Factors Determining Nurses' Clinical Judgments About Hospitalized Elderly Patients with Acute Confusion

School of Nursing, Chang-Gung Institute of Technology, 261 Wen-Hwa 1 Rd, RM 1110, Kwei-Shan, Tao-Yau 333, Taiwan.
Issues in Mental Health Nursing 07/2009; 30(6):399-405. DOI: 10.1080/01612840903037569
Source: PubMed


Acute confusion(AC)/delirium is a common clinical phenomenon in hospitalized elders that is often overlooked or misdiagnosed by nurses of various cultural backgrounds. The aim of this study was to better understand factors affecting nurses' clinical judgments regarding the detection of AC in elderly Taiwanese patients. Nurses from two hospitals in Taiwan (n = 654, response rate = 71.3%) participated in the study. A two-level hierarchical linear model analysis was used to examine the data. The characteristics of patients explained the most variance of the model (86.2%), with characteristics of nurse participants and their health organizations accounting for 13.8% of the variance. Patient characteristics of age, infection, hydration, and hypoactive subtypes of AC, as well as a nurse's strong belief in traditional Chinese values, such as respect for elders, hard work, modesty, noncompetitiveness, and respect for tradition, were positively associated with difficulty detecting acute confusion. Findings of this study indicated that the accuracy of nurses' clinical judgments in detecting AC were most related to characteristics of patients.

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Available from: Jeng Wang, Aug 15, 2014
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    • "The hypoactive form of delirium (representing the majority of cases, as reviewed above) and delirium in individuals with advanced age, sensorial deficits, prior cognitive impairment, or dementia and medical problems like infection or dehydration are the main reasons for the acute confusional sate not being recognised and diagnosed [69, 84, 85]. Hypoactive delirium and dementia comorbidity, appear to be the best predictors for overlooking delirium in the elderly with cognitive impairment [69]. "
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    ABSTRACT: Delirium is a neuropsychiatric syndrome characterized by altered consciousness and attention with cognitive, emotional and behavioural symptoms. It is particularly frequent in elderly people with medical or surgical conditions and is associated with adverse outcomes. Predisposing factors render the subject more vulnerable to a congregation of precipitating factors which potentially affect brain function and induce an imbalance in all the major neurotransmitter systems. Early diagnosis of delirium is crucial to improve the prognosis of patients requiring the identification of subtle and fluctuating signs. Increased awareness of clinical staff, particularly nurses, and routine screening of cognitive function with standardized instruments, can be decisive to increase detection rates of delirium. General measures to prevent delirium include the implementation of protocols to systematically identify and minimize all risk factors present in a particular clinical setting. As soon as delirium is recognized, prompt removal of precipitating factors is warranted together with environmental changes and early mobilization of patients. Low doses of haloperidol or olanzapine can be used for brief periods, for the behavioural control of delirium. All of these measures are a part of the multicomponent strategy for prevention and treatment of delirium, in which the nursing care plays a vital role.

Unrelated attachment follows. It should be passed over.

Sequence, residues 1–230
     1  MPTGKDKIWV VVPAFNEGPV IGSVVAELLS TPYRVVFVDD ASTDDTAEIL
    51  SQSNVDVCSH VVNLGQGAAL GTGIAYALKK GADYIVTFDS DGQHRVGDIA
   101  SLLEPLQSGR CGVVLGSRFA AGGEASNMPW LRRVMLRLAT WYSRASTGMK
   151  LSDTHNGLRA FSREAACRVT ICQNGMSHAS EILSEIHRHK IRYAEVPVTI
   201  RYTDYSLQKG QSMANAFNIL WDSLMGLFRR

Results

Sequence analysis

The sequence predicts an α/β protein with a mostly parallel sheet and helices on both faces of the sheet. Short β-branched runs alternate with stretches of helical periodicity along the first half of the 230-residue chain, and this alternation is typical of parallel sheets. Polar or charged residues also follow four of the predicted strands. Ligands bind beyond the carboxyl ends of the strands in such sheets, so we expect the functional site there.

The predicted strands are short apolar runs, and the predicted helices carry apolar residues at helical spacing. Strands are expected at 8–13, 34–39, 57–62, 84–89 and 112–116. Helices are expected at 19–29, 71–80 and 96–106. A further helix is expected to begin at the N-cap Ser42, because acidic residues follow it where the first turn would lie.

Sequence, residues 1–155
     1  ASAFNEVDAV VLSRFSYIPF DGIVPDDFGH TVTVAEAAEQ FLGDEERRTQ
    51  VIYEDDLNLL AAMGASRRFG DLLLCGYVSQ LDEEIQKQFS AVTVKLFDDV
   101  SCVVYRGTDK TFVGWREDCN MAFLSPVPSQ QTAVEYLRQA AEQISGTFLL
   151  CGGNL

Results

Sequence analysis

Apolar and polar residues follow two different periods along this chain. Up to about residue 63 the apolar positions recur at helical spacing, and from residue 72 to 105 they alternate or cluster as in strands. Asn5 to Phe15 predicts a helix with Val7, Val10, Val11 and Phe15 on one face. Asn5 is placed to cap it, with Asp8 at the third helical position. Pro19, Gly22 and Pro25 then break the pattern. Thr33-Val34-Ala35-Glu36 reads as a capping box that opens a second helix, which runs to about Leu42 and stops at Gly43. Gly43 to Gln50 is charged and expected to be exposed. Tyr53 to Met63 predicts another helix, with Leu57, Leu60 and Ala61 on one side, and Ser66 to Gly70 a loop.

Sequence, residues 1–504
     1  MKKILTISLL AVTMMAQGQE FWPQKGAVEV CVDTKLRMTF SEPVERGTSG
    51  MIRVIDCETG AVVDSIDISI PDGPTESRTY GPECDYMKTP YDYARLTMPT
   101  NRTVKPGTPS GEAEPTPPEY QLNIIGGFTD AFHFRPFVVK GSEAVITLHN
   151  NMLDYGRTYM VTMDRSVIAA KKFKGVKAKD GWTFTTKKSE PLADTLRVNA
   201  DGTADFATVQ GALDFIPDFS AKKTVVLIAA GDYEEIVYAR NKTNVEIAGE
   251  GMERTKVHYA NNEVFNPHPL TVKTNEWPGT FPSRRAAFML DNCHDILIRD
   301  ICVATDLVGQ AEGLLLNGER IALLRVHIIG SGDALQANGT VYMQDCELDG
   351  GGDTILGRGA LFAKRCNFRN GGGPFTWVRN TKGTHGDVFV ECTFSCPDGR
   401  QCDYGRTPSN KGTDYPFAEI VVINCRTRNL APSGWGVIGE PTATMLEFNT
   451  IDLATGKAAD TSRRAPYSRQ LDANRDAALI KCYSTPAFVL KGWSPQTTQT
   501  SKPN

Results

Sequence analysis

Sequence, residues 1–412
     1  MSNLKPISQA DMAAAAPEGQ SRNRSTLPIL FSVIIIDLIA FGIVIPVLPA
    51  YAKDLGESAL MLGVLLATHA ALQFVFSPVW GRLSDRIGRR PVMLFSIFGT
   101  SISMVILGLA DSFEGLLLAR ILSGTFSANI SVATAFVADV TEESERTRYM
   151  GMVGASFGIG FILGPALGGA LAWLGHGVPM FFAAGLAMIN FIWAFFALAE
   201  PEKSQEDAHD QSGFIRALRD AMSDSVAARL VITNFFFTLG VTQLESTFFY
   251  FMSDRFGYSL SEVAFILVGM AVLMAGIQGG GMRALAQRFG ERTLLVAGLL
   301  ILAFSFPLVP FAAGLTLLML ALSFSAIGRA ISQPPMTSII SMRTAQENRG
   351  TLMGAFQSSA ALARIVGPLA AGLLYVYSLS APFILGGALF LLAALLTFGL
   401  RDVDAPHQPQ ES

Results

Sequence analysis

06/2011; 2011(2090-1429):875196. DOI:10.1155/2011/875196
  • International Journal of Older People Nursing 06/2011; 6(2):83-4. DOI:10.1111/j.1748-3743.2011.00272.x
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    ABSTRACT: BACKGROUND; Delirium is a critical, costly, frequently reversible problem in older adults. Findings of previous studies indicate that delirium occurs in up to 65% of hospitalised older adults and up to 80% of terminally ill patients. Few studies address the frequency of delirium in community dwelling older adults and the extent to which delirium symptoms create distress for their family caregivers. To determine the frequency of delirium in older people attending two adult day centers (ADC) in the United States and identify the extent to which delirium symptoms were associated with family caregivers' mental health symptoms, and ways of coping with the older adults' care. A descriptive, cross-sectional design was used. Thirty older adults and their family caregivers were randomly selected from the rosters of the ADC. Only 6.7% of the older adults had a positive screen for delirium. The majority of family caregivers (96.6%) stated that they had no knowledge of delirium prior to participating in this study. Both older adults and their family caregivers need education about delirium symptoms and risks.
    International Journal of Older People Nursing 06/2011; 6(2):85-92. DOI:10.1111/j.1748-3743.2010.00260.x
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